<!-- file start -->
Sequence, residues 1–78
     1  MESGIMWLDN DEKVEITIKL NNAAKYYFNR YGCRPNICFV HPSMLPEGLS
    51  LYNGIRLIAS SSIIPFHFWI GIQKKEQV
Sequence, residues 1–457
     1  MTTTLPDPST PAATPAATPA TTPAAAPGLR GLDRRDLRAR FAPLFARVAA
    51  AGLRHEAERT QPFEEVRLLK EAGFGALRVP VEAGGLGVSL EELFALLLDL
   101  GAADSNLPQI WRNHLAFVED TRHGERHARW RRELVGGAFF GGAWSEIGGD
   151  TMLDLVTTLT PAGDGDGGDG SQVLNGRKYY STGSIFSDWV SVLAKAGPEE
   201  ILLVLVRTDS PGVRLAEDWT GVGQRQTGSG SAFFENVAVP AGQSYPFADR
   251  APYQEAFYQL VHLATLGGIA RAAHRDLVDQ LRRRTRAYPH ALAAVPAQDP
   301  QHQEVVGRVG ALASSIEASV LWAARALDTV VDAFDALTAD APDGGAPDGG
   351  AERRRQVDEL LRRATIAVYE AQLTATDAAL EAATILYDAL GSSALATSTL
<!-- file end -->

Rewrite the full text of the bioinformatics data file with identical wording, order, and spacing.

Sequence, residues 1–78
     1  MESGIMWLDN DEKVEITIKL NNAAKYYFNR YGCRPNICFV HPSMLPEGLS
    51  LYNGIRLIAS SSIIPFHFWI GIQKKEQV
Sequence, residues 1–457
     1  MTTTLPDPST PAATPAATPA TTPAAAPGLR GLDRRDLRAR FAPLFARVAA
    51  AGLRHEAERT QPFEEVRLLK EAGFGALRVP VEAGGLGVSL EELFALLLDL
   101  GAADSNLPQI WRNHLAFVED TRHGERHARW RRELVGGAFF GGAWSEIGGD
   151  TMLDLVTTLT PAGDGDGGDG SQVLNGRKYY STGSIFSDWV SVLAKAGPEE
   201  ILLVLVRTDS PGVRLAEDWT GVGQRQTGSG SAFFENVAVP AGQSYPFADR
   251  APYQEAFYQL VHLATLGGIA RAAHRDLVDQ LRRRTRAYPH ALAAVPAQDP
   301  QHQEVVGRVG ALASSIEASV LWAARALDTV VDAFDALTAD APDGGAPDGG
   351  AERRRQVDEL LRRATIAVYE AQLTATDAAL EAATILYDAL GSSALATSTL